lua-users home
lua-l archive

[Date Prev][Date Next][Thread Prev][Thread Next] [Date Index] [Thread Index]

On 9/27/06, Glenn Maynard <> wrote:
At the cost of being repetitive, is there a reason for wanting this, other
than performance (discussed elsewhere)?  It just seems like there's a whole
lot of calls for more and more operators in Lua these days--on the tail of
someone asking for a table append operator comes the bitwise operator
thread, and then this.  With an operator for every operation that "inline"
would be useful for in C, there will be a lot of operators.

As long as Lua is used to wrap C interfaces, there's going to be
feature requests addressing the issues that the differences between C
and Lua cause.

It took me a while to come to terms with doubles being the only
numeric type in a default Lua build, but now I'm convinced the
simplicity that that buys you is worth the costs.  A IEEE double can
store any int32 without loss, which is good, because integers are
still important.  Lua doesn't even try to pretend they're not -- for
example, it will use optimizations when storing tables with integer
keys, and it provides functions like lua_tointeger in the C API.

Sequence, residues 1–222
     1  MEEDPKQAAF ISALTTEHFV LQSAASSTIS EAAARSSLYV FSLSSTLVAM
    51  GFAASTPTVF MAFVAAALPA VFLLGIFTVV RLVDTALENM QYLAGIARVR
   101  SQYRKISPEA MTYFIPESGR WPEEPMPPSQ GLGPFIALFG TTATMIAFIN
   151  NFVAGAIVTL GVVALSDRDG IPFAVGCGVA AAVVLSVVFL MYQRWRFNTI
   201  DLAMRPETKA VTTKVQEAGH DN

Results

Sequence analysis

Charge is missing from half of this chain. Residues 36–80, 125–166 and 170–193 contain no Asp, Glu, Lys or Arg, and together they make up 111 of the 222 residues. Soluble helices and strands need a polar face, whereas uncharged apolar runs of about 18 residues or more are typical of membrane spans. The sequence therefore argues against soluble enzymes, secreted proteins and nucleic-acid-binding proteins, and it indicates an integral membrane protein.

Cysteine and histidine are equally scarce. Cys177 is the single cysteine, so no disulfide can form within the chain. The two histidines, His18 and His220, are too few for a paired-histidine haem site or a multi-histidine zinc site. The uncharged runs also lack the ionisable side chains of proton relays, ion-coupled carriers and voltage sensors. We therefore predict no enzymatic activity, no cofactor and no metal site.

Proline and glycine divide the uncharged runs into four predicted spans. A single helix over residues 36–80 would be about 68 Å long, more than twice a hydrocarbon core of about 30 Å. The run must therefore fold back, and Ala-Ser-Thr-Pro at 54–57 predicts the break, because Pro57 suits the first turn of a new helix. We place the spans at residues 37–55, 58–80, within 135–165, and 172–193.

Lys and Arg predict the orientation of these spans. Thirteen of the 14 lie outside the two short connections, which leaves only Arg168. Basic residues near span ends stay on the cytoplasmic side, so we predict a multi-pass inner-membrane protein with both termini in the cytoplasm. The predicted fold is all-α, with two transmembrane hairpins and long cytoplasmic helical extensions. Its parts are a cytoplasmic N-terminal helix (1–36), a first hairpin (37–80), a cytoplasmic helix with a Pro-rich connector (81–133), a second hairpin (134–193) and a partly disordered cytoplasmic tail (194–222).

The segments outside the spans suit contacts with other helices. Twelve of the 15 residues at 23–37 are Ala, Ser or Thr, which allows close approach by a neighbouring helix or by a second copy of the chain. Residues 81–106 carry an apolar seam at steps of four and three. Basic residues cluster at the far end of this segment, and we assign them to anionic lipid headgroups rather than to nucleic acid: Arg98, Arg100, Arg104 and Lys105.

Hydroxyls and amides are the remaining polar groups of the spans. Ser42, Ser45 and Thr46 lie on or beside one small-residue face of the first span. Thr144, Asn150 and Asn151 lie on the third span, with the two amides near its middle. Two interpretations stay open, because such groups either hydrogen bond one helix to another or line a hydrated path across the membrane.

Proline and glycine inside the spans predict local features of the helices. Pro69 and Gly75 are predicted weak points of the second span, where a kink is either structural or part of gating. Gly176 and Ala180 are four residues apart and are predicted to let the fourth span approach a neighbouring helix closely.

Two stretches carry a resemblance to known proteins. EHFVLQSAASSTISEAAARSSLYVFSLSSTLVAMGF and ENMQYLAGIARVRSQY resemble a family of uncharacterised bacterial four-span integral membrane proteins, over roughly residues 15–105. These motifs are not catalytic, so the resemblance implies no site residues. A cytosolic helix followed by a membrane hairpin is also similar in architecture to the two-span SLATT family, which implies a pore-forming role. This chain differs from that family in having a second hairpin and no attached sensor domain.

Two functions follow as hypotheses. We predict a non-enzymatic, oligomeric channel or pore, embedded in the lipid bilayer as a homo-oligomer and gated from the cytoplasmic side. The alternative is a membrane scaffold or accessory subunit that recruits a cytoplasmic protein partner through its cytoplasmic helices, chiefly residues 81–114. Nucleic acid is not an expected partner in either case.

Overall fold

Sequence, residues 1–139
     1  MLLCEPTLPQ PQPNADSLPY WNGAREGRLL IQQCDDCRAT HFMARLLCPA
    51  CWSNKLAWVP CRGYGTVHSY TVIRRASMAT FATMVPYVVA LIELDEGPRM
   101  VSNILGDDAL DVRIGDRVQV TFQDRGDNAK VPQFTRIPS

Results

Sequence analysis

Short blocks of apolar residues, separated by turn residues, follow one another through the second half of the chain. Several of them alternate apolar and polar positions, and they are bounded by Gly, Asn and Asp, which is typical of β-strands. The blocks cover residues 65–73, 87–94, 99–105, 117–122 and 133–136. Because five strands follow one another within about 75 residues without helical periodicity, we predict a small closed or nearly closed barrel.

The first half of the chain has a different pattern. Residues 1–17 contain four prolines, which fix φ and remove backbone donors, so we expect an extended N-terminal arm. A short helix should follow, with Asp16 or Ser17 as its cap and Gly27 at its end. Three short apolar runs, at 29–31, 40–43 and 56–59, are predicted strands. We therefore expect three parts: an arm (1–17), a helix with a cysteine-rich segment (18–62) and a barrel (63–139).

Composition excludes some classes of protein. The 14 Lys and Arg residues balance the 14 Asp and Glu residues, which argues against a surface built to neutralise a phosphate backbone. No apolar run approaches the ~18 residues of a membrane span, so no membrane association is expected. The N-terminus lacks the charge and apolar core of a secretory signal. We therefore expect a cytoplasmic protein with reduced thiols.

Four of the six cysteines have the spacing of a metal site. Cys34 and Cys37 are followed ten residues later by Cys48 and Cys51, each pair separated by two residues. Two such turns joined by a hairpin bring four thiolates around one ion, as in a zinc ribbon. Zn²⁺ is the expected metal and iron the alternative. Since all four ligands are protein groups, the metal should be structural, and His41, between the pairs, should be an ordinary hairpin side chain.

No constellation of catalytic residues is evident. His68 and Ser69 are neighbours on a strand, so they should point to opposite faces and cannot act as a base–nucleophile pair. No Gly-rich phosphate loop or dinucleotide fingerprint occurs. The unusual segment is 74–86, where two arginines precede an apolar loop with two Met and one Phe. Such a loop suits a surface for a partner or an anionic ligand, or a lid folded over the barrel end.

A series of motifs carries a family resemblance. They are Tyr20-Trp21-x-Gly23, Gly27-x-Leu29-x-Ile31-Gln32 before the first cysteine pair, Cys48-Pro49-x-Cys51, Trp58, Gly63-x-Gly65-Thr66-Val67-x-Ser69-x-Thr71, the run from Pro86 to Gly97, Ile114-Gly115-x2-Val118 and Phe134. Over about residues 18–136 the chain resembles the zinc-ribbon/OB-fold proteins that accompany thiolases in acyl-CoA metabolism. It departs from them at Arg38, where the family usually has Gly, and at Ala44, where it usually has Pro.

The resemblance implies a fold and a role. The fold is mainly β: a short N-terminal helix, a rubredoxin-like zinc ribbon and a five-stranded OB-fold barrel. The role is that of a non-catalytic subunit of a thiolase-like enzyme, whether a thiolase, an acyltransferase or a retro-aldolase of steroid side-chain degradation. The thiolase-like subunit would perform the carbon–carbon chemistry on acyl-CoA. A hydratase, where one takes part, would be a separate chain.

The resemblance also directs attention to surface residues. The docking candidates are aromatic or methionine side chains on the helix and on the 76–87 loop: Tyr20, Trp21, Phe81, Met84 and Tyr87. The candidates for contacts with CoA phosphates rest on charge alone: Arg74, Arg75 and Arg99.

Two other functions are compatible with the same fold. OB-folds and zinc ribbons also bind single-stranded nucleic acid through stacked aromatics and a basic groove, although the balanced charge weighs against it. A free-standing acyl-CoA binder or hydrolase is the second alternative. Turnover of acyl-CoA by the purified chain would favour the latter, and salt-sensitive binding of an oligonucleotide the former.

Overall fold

This typically works well.  Add, subtract, multiply two Lua
"integers", and so long as the result wouldn't overflow an int32, the
result you get is the same as you would get in 32-bit integer
arithmetic.  But this doesn't work with division, and bitwise
manipulation operations are nowhere to be found.  This especially
hurts since these operators are well established in C, and wrapping C
interfaces cleanly is what Lua *does*.

Integer division seems especially desireable because % behaves well
with integers, and it's weird to have easy access to integer remainder
but not to integer division.

Of course applications embedding Lua can provide functions that do
these operations, but now each Lua-powered product provides a
different set of functions for doing "primitive" operations.  Maybe
that's not the worst outcome in the world; part of what makes Lua so
cool is how small it is.

That said, if stock Lua decided to add integer division, it seems
clear to me that it must add either // or \ as an operator -- these
operators are used for this purpose in other languages, and Lua has
already set a precedent here with the % operator that it should follow
for symmetry's sake.  Bitwise operations might be added as operators,
or as a family of functions in, or something else.

Perhaps providing functions in and allowing the user to
specify custom infix operators is the best of both worlds.  __pow and
^ showed that this could work, and custom infix operators seems to fit
the philosophy of giving the user a framework with which to implement
various styles of programming.  But now I'm rambling.

My $0.02,
Greg F